So how should FDA proceed in a way that will have that positive public health impact that we all want and which, let’s not forget, was the original driver for the passage of FSMA in the first place? My answer is: with a major dose of enforcement discretion.

FDA always has the capacity to use discretion when it comes to enforcing regulations. What is really important is that, in the FSMA regulations, we have a clear regulatory bar that applies to high-risk entities. But it also applies to low-risk entities. Thus, FDA now has the authority to make a difference. However, the agency needs to focus its efforts where they will get the biggest bang for the buck. And, since the bucks are in very short supply, that approach is all the more important.

All FDA-registered facilities now have to have preventive controls in place. Some, such as seafood and juice facilities, will stick to the old HACCP approach, while others will have to embrace the more comprehensive and risk-based HARPC approach. That is a good thing since it will raise the standards for those who are somewhat asleep at the switch when it comes to food safety.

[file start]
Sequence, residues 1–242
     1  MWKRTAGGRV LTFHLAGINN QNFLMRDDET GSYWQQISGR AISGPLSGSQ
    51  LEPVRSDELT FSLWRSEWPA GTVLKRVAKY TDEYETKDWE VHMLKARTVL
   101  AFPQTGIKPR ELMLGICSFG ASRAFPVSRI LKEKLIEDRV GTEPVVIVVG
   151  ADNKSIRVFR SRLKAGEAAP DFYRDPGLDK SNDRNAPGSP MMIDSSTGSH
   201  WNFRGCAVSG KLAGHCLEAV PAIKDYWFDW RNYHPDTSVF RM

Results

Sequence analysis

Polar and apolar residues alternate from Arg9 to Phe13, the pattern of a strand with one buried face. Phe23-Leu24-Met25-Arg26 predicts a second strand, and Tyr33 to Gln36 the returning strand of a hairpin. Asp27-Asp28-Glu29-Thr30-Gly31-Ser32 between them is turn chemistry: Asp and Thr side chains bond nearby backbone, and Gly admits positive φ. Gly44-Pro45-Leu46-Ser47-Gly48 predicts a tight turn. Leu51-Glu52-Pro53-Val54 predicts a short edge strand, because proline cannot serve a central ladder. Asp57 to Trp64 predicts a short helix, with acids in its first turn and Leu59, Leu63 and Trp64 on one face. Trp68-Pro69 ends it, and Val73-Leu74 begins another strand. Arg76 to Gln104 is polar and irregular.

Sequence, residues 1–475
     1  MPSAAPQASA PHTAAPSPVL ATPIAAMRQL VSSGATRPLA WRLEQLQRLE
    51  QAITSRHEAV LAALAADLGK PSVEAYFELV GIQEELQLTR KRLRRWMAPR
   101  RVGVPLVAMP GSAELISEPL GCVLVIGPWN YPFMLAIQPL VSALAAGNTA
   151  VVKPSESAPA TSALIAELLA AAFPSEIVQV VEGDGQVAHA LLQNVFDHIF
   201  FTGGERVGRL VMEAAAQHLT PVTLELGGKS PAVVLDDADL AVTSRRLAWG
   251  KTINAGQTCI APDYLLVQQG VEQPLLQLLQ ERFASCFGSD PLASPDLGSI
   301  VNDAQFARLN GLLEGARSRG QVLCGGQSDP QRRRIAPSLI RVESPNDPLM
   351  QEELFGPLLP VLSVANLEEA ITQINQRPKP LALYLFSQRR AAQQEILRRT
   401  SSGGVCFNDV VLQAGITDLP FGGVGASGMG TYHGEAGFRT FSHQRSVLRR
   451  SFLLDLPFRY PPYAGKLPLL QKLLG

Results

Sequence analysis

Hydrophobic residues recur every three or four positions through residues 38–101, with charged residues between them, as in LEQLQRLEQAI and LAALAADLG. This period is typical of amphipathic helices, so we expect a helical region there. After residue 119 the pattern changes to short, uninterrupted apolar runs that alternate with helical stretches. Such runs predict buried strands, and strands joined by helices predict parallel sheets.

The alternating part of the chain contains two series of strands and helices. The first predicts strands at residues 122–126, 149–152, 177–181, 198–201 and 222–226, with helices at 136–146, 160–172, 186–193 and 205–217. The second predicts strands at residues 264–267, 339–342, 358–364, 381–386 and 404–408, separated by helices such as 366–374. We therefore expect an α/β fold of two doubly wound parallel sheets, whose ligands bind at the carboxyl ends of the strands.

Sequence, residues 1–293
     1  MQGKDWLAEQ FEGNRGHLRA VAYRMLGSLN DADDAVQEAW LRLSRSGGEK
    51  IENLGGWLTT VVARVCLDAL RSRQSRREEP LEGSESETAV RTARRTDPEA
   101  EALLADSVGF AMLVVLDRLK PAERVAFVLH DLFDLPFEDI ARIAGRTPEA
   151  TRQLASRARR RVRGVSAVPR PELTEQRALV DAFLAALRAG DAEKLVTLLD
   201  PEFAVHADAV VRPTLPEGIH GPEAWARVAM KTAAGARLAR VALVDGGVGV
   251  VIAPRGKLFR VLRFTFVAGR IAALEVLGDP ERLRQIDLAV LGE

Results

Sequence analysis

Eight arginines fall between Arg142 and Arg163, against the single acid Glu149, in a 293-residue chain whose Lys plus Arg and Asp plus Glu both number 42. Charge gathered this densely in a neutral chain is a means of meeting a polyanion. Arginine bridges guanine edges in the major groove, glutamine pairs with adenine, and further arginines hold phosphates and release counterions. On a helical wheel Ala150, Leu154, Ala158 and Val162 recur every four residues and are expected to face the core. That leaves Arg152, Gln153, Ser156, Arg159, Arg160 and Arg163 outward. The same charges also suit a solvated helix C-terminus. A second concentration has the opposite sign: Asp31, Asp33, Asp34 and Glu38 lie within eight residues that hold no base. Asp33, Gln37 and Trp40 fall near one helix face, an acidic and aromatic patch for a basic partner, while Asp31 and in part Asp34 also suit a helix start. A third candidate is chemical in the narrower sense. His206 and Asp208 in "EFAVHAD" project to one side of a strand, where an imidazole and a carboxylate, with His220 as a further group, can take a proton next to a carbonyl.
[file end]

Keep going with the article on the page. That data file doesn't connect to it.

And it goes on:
What I hope FDA will do is to focus its inspectors on those facilities that are not up to speed on food safety in ways that create real risks for public health. FDA has the power to make a lot of people miserable, and the agency shouldn’t do that. FDA can demand to see food safety plans and all the records that go with it. This gives the agency a lot of power to dig very deeply into a facility’s food safety system.

The reality is that the regulatory bar is now set with the publication of two new preventive control rules for human and animal foods. Whether these rules drive toward an improvement in public health will be heavily dependent on how FDA acts.

FDA has a major shortage of funds, and I want them to have more, but that is unlikely to happen in the short term. So FDA must focus its new authorities on food companies that really do represent a risk to public health. At the same time, I hope that FDA recognizes that it has three roles to play. The first is to set the bar to make the food industry accountable to good preventive controls — the agency has done that with the new rules. The second is to provide the tools for the food industry to understand what it needs to do to meet that new standard — there is a lot more needed here. The third is to hold accountable the parts of the food industry that create public health risks. This latter point is critical and I worry that, without good governance, we will see FDA wielding a new and very large stick that will create resentment and anger and, unfortunately, not result in the public health gains that this is all about.

So will FSMA make a difference? The answer is that it will if we manage all these moving parts correctly. The ball is very much in FDA’s court, and while writing the rules was difficult, what will be really tough for the agency will be enforcing them in a way that will drive down foodborne illness and not simply drive up the number of 483s and warning letters.